moly! This is a groundbreaking work! Imagine what future writers
will be able to do with this idea, indeed, with this very character!"
bargain even at full price.
But the 20-20 clarity of hindsight still rules our view today. Tor
releases 'Black Brillion', and it gets some notice, but it is, after
all, working territory first trod by Jack Vance. Hughes acknowledges
this with a nod to the Jack Vance BBS at the beginning of his novel.
Tor also let slip the dogs of an 'Old Man's War' by John Scalzi with
no more warning or marketing than they might accord to a Yet Another
Young Adult novel. Scalzi likewise thanks Heinlein both at beginning
and end, and well he should. But Heinlein himself should be thankful
that his legacy is handled with a skill equal to his own.
In the firefly life of Night Shade's Ministry of Whimsy Imprint,
under the careful guidance of Jeff VanderMeer, we first saw the flapping
wings of Rhys Hughes Borgesian tribute, 'A New Universal History
of Infamy', an amazingly worthwhile and faithful sequel to the original
work, 'A Universal History of Infamy'.
And while in 'The
Overnight', Ramsey Campbell does, in fact finally achieve what the
lamented Edna Stumpf once requested -- that he "wring
the Lovecraft out of his typewriter" -- he creates no less than
that described in the epigraph written by Algernon Blackwood and
chosen by Lovecraft for, 'The Call of Cthulhu':
to be extended.
"Of such great powers or beings there may be conceivably a survival...
a survival of a hugely remote period when... consciousness was manifested,
perhaps, in shapes and forms long since withdrawn before the tide
of advancing humanity... forms of which poetry and legend alone have
caught a flying memory and called them gods, monsters, mythical beings
of all sorts and kinds..."
A veritable army of writers manage to cleverly combine Lovecraft
and Doyle in 'Shadows Over Baker Street', with Neil Gaiman winning
the Best Short Story Hugo Award in 2004 for his contribution to the
anthology, 'A Study in Emerald'. (Of course he tried to read that
story at the 2002 Torcon, but was booted from the room due to time
restrictions. "Damn pastiche, begone!" they might as well
Damn pastiche, begone? By any measure, the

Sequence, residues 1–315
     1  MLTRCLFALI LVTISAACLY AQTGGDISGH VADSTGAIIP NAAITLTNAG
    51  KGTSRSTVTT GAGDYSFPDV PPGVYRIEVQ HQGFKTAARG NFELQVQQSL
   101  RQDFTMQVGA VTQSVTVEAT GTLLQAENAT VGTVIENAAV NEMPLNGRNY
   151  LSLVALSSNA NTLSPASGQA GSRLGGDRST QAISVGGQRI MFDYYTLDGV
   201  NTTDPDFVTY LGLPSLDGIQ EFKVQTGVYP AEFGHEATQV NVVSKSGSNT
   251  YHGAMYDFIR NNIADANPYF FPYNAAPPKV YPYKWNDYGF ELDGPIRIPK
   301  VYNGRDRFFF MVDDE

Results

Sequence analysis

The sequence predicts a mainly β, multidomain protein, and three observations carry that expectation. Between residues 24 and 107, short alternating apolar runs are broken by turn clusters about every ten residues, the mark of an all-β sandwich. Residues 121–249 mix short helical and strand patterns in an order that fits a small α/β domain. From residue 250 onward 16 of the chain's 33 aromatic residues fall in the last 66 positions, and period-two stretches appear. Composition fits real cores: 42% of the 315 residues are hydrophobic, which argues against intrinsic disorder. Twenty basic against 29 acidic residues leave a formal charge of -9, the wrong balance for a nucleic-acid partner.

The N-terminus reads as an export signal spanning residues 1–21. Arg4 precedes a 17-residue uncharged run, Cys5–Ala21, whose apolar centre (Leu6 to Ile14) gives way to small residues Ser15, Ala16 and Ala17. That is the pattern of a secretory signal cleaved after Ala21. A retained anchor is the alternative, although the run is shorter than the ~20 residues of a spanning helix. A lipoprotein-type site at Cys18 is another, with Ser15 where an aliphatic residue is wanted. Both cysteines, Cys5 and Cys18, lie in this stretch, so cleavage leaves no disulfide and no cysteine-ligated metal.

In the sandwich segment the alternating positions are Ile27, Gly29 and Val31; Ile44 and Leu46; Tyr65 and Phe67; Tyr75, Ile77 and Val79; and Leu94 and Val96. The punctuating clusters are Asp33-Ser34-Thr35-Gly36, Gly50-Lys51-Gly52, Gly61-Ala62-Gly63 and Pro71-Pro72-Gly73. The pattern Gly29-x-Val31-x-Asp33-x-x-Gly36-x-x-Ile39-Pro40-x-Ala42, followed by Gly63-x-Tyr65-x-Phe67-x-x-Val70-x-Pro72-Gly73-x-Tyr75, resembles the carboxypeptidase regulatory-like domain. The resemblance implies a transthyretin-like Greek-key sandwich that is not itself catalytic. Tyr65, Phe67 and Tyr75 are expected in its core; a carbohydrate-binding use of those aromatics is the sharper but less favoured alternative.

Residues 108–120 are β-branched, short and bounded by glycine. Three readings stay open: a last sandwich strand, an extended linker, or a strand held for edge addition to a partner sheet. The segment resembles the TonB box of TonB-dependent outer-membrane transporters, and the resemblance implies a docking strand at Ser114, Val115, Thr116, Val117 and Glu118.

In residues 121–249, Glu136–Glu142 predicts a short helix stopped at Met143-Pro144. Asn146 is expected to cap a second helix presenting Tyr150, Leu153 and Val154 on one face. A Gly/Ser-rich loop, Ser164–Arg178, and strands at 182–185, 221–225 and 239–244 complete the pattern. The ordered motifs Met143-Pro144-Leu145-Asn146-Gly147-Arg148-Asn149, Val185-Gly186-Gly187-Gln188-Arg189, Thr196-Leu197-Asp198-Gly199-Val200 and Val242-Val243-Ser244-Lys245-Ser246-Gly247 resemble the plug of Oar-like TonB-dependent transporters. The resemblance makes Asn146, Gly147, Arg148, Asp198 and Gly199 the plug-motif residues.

pastiche, the derivative appears to be a bastion these days of top-notch
literary work. The
works that started this thread of thought in my tiny brain were Tor's
two recent releases, Matt Hughes' Black
Brillion' and John Scalzi's
War'. I really enjoyed both works, and then sort of twigged
to the fact they both were quite openly derivative works. 'Black
Brillion', for example, begins with a dedication "To Mike Berro
and all the gang on the Jack Vance bbs." His setting of Old
Earth is clearly both a riff on and a tribute to Jack Vance's Dying
Earth. The colorful characters and the mix of science and magic also
speak directly to Jack Vance's iconic work.
But within the iconic
backgrounds and forms, Hughes contributes all the things that make
a great novel. His prose is wonderfully droll
and constantly entertaining. Moreover, he mixes a lot of different
influences into his Vancian homage. His story starts out as a very
clever con-versus-con police procedural. He gets the grit, the conmen,
the crabby top cop and the detail-obsessed young cop characters down
perfectly, even though the mean streets they tread have a distinct
otherworldly flavor. When he draws the noösphere into the action,
he takes an entire book by Carl Jung on the collective unconscious
and deftly turns it into a mesmerizing plot point. One could even
claim that survivals such as those mentioned by Blackwood and appropriated
by Lovecraft play an integral role in his resolution. Any savvy reader
could easily play spot-the-influence and have a good time doing just
that. But Hughes keeps things under such a tight rein with his powerful
prose and intricately designed plot that there's little choice other
than being enthralled by the book as a whole. And afterwards, the
pleasing task of reflecting on all the exciting ingredients that
make such pleasing whole. Forget the homage, the influences and derivations
-- 'Black Brillion' is a wonderfully written, thought provoking novel
no matter what the provenance.
The ore from which John Scalzi mines 'Old
Man's War' is a quite a
bit purer. Though he waits until the final acknowledgement to thank
Robert A. Heinlein, Scalzi is canny enough to admit that by the time
the reader gets there, the debts have become obvious. But if Scalzi's
debts to Heinlein are obvious, so are his improvements. In 'Old Man's
War' Scalzi manages the difficult feat of infusing the enthusiasm
of a Heinlein juvenile novel into a book that speaks to the very
real concerns of the elderly. He gets the best of both worlds - a